The financial crisis is probably partially responsible for the many abandoned hotel construction sites and empty apartment buildings that lack tenants and buyers. On the other hand, such unfinished projects invariably suggest shady affairs. One such popular case is a palace-like hotel built by one notorious mafia boss who was later shot dead abroad. While the police was investigating the origin of the mobster’s fortune, his wife sold the hotel and thus legalized the profit from the sale.

This problems and controversies around the resort are a pity because the nature surrounding Borovets is truly awe-inspiring.

Only one of the many lifts in Borovets

Borovets, Rila Mountain

***

Did you see my photos from the Seven Rila Lakes?

Advertisements

Enter your email address to subscribe to Zikata's blog and receive notifications of new posts by email.

Join 73 other followers

Follow me on Twitter!

Share this Blog

Share |
July 2011
M T W T F S S
« Jun   Aug »
 123
45678910
11121314151617
18192021222324
25262728293031

Read it? Rate it!

RSS Getting curious:

  • Federal judge orders changes to some of Bud Light’s corn syrup ads
    MillerCoors has claimed a partial legal victory in its attempt to get Bud Light to stop its campaign that mocks Miller Lite and Coors Light for using corn syrup. A federal judge denied Anheuser-Busch InBev’s move to dismiss the false advertising suit, while ordering the brewer to stop using certain language in some of the ads. The decision, released Friday e […]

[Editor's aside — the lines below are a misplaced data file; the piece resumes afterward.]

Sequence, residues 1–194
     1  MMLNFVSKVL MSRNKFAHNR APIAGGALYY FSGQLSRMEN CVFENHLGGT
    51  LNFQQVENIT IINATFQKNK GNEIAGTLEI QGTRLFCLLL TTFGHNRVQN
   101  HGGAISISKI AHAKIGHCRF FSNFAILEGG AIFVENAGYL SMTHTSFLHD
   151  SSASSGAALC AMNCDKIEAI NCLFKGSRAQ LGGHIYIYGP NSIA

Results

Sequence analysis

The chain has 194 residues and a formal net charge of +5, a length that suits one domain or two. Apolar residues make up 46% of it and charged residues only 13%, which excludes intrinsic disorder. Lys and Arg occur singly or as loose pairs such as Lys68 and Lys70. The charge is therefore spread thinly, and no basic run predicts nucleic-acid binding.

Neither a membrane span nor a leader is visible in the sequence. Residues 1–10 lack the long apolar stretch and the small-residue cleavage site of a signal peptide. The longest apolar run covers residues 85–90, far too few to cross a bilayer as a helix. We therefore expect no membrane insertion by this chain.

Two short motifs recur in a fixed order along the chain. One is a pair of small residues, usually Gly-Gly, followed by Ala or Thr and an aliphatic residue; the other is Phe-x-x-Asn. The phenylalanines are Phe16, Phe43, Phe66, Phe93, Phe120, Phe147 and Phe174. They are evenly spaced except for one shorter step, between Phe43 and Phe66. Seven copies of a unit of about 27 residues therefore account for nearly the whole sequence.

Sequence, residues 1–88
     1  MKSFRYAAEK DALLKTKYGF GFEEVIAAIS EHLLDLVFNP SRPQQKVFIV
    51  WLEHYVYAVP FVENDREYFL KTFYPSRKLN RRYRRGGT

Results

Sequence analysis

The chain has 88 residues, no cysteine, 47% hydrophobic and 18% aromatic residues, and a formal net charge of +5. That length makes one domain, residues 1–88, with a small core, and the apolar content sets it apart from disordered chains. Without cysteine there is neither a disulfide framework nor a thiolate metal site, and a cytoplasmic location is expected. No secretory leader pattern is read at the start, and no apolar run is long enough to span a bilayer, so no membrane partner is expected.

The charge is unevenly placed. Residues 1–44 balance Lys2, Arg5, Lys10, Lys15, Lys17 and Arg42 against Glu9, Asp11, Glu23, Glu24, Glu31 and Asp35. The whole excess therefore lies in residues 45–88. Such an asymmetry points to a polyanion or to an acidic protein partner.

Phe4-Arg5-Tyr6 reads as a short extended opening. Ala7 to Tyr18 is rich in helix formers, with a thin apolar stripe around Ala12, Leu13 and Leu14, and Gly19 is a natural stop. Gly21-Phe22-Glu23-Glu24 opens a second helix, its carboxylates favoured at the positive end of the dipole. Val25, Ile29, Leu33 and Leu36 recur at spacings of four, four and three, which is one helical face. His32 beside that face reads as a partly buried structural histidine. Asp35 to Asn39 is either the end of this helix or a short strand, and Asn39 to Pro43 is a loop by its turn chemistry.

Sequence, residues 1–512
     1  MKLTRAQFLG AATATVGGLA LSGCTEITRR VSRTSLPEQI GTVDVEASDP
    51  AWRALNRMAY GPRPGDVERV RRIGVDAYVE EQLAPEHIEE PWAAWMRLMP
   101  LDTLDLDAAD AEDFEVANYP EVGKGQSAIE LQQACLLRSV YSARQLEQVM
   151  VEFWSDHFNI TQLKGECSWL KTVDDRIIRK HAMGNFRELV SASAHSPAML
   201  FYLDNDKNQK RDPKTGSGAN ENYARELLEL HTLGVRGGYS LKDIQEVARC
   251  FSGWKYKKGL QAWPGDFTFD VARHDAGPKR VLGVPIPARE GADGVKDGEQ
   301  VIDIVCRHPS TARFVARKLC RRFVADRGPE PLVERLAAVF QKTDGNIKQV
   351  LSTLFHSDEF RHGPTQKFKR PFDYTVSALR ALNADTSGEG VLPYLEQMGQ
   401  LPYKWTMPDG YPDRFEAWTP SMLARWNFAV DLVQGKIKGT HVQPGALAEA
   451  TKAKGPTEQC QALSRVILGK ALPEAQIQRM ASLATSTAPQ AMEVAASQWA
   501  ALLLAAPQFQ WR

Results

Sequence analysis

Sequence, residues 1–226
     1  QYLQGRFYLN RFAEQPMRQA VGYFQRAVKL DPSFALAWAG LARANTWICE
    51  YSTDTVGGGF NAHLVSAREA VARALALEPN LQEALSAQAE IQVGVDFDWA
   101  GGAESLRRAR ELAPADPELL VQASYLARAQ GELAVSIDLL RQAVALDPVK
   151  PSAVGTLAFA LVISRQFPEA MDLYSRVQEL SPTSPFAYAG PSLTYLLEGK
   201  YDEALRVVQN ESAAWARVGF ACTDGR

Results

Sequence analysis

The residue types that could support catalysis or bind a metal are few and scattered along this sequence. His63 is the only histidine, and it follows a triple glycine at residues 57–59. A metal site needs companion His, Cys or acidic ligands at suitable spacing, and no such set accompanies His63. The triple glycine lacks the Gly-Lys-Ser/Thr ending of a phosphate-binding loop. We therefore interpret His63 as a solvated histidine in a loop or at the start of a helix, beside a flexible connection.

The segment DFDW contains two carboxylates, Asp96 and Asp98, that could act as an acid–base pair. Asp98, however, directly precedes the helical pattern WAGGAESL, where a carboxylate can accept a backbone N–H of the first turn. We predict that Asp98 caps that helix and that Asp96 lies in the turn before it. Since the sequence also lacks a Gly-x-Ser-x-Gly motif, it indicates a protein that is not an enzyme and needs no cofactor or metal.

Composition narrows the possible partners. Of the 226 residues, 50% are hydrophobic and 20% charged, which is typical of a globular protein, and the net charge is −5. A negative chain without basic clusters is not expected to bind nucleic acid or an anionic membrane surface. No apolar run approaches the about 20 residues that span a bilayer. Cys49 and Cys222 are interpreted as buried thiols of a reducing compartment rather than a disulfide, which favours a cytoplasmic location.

• Retailers reeling, more trouble in store
    Retail took a beating last week: Kohl’s, JC Penney and Nordstrom reported sales declines, while Ascena Retail Group announced the shuttering of its 650-unit Dress Barn chain.  And more bad news is yet to come. A group of 170 shoe companies last week urged President Trump to reconsider a proposal that would add a 25 percent tariff on shoes from China. “We can […]
  • New Coke pops... 34 years later
    F. Scott Fitzgerald famously wrote: “there are no second acts in American lives” in 1941. And he has been famously proven wrong (his own reputation a case in point) time and again. The most recent example? New Coke. Modern marketing’s most ostentatious blunder is back for a victory lap. In the summer of 1985 Coca-Cola changed the formula of its core product […]
  • NRA says ad firm stole its thumb drive as legal duel escalates
    The National Rifle Association’s escalating legal feud with its longtime public-relations agency has taken a bizarre turn, with the gun lobby claiming that the PR firm stole a confidential PowerPoint presentation detailing its courtroom strategy. The new controversy centers on an April 29 executive session at the gun lobby’s annual meeting in Indianapolis. D […]
  • LVMH slapped with subpoena
    LVMH Moët Hennesy–Louis Vuitton, the Paris-based luxury marketer with an expansive brand portfolio that includes Christian Dior and Sephora, was subpoenaed by a federal grand jury in the probe of U.S. media buying practices, according to people familiar with the matter. The far-reaching inquiry has moved into broader territory and across sectors of the indus […]

Your Green Eyes

Ad

Advertisements